According to a documentary about Lucille and Desi in which they interviewed Lucie Arnez daughter, they had a fantastic sex life and Ricky would seduce her back into bed when she was ready to call it quits over his cheating. Basically, they were sexually perfect for each other and were the love of each others lives.
So, what you're saying R78, is that Lucie and Desi Jr. had to endure listening to those two having sex.
Considering that they lived on a huge rancho in Santa Clarita that's some noisy doo-whaps.
No wonder Lucie has led a fringey entertainment life and Desi got involved with those Urantia kooks.
What is Urantia?
No, you have to strip the color and then henna it.
R8 is correct.
R79, the last thing Lucie Arnaz has led is a "fringey entertainment life, idiot. She has conquered every medium in the industry, especially Broadway. She is one of the few beloved stars who has never had a bad word said about her - until your asinine post, of course.
I still wonder what Ricky is saying when he say starts yelling in Spanish. His usual rant start off like "mira caseda cosa......" and the rest is gibberish. What's he saying?
Thanks for the thread, OP, but it's "lie down," not "lay down."
I read several times that Lucille Ball took Desi Arnaz's death very hard. They kept in contact through the years and always spoke fondly of each other, and she sort of went downhill after that.
So much was a suspension of disbelief and yet I thoroughly understood Lucy's craving for John Wayne's footrpints and bought into her stealing them from Grauman's forecourt. And getting her foot stuck in the bucket of cement when she tried to replace them.
How many of you as kids got your notion of what Hollywood was like based on viewings of the the Ricardos' California trip?
I don't know why he didn't let her in the show. She was funny as hell at home.
[quote]"Oh look George, Little Women is on top of Little Men, and right next to them is a pamphlet."
I think that means that they gave birth to the pamphlet. Two books made a smaller version of a book, i.e., a pamphlet.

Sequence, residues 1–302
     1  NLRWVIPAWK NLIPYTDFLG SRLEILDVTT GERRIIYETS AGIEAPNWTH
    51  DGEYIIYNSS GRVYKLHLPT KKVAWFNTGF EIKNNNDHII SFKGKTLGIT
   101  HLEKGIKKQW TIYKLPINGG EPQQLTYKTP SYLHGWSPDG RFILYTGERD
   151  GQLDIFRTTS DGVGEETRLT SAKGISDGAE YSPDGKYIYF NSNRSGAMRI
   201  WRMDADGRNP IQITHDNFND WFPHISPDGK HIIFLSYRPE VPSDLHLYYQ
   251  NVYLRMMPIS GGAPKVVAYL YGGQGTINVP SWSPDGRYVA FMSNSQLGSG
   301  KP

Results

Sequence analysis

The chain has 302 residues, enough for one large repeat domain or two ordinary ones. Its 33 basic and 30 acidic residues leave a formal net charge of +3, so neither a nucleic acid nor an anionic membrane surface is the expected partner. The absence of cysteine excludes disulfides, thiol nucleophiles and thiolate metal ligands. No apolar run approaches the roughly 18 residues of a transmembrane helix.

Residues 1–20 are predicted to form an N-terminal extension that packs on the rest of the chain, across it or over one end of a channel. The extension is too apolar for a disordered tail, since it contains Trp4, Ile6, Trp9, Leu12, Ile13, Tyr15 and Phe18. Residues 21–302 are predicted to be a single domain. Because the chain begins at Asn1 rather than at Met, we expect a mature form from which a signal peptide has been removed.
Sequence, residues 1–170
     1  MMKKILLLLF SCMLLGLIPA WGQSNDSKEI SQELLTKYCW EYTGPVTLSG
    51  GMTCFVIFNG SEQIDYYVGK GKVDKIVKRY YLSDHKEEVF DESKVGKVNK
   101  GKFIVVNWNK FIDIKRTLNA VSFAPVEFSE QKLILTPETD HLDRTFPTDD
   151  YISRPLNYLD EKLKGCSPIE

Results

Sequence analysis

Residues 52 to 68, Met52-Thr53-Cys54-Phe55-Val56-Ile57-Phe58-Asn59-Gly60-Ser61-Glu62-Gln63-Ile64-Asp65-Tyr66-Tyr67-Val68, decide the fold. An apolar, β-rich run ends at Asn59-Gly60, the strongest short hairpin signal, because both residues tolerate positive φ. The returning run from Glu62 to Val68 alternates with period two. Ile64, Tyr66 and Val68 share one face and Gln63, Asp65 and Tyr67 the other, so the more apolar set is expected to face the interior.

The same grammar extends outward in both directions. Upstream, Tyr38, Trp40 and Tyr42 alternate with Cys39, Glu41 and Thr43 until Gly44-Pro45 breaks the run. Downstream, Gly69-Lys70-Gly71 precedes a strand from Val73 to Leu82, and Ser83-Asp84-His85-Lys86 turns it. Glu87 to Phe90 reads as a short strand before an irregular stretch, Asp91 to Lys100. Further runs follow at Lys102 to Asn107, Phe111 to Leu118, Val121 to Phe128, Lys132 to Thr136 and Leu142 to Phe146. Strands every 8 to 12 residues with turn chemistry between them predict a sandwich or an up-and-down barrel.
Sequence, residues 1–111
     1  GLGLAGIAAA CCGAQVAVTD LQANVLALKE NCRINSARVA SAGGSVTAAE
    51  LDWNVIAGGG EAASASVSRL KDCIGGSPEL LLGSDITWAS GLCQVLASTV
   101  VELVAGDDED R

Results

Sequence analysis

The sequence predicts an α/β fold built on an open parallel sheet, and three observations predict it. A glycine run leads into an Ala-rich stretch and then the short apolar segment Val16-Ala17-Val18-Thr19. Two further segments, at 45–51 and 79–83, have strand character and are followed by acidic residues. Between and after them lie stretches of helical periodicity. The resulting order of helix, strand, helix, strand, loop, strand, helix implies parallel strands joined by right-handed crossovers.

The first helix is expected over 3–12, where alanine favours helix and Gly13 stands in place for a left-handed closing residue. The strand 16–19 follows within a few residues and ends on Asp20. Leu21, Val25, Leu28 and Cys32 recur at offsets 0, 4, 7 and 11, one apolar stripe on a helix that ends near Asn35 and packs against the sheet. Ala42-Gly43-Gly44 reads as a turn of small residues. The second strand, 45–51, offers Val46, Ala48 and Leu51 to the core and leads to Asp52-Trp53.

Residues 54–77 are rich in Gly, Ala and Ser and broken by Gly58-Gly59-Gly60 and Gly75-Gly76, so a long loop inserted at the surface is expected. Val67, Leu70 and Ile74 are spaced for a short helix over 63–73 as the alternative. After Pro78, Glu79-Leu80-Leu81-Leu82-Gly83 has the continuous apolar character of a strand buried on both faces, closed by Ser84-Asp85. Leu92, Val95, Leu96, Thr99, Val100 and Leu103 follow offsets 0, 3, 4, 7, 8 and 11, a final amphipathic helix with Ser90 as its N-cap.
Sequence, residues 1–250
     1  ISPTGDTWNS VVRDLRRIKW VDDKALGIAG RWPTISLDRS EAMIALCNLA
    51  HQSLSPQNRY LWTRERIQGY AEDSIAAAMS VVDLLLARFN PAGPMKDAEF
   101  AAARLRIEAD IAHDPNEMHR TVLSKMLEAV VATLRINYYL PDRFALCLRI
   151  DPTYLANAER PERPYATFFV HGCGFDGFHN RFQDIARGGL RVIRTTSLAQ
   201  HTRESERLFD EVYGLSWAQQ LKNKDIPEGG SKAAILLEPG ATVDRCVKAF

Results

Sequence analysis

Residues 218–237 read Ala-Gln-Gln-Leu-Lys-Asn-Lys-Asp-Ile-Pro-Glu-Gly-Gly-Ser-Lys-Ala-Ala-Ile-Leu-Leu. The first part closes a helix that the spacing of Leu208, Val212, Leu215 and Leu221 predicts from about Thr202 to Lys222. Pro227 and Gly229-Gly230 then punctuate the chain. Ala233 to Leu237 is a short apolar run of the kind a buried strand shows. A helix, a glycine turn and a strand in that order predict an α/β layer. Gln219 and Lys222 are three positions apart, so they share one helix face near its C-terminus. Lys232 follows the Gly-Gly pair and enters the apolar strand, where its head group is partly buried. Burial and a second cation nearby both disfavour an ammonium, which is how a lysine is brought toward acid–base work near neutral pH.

Do you think Lucy and Desi shaved their pubes?
I don't know is she shaved, but Lucy died her pubes red to match mine.
[quote]I don't know why he didn't let her in the show. She was funny as hell at home.
With all due respect to R8, that's what Sophia Petrillo said when Blanche and Rose were having their "I Love Lucy" marathon: "I never cared for that show. Every single episode, Lucy said the same thing, 'Ricky, why can't I be in the show? Ricky, why can't I be in the show?' Why couldn't she be in the show? The woman was a riot at home. His shows at the club stank. What's so entertaining about a Cuban beating a drum?"
R85, see my post at R4.
No r48 in my book that title belongs to Carrie Bradshaw.
[quote]I was surprised that Ball allowed them to make jokes about her not being a natural redhead.
When the show started, she had only been a redhead for about 12 years. She was originally a brunette, became a platinum blonde in the early 30s and went red in the late 30s. She went red as a career move because it would make her stand out and make her a good casting choice for color movies.
I know she was not a natural redhead. I'm just surprised she allowed them to joke about it 'cause I figured she wanted people to think she really was.
Lucy was actually very beautiful in her early days in Hollywood. She always thought of herself as unattractive.
[quote]"Oh look George, Little Women is on top of Little Men, and right next to the is a pamphlet."
Could explain what that last part means?
It means the books were having sex and the pamplet (which is a little book) was the result.
Lucy's own hair color didn't factor at all into the jokes. On radio My Favorite Husband did the hair color jokes and you couldn't see the color, it was just something written for a character not Lucille Ball specifically.
Example from the My Favorite Husband radio show where Liz and Iris wore the same dress to a show but didn't tell each other. This was later copied on I Love Lucy, with Lucy and Ethel.
Liz) Yeah well you're fat
Iris) Well you dye your hair
Liz) That don't make you any thinner
MARY at r83!!
(And can you remind us which movies Lucie conquered the film industry with?)
I don't think Lucy made any color films for Goldwyn or at RKO in the 30s so her hair color was sort of a moot point. It was when she went to MGM in the early 40s that she became "Technicolor Tessie" and her redheadedness was promoted, as well as her sapphire blue eyes.
On the other hand, Clara Bow was the famous redhead of silent films and yet has anyone ever seen a color still of Clara?
If you want to see Lucy as a blonde, check out The Three Stooges short "Three Little Pigskins."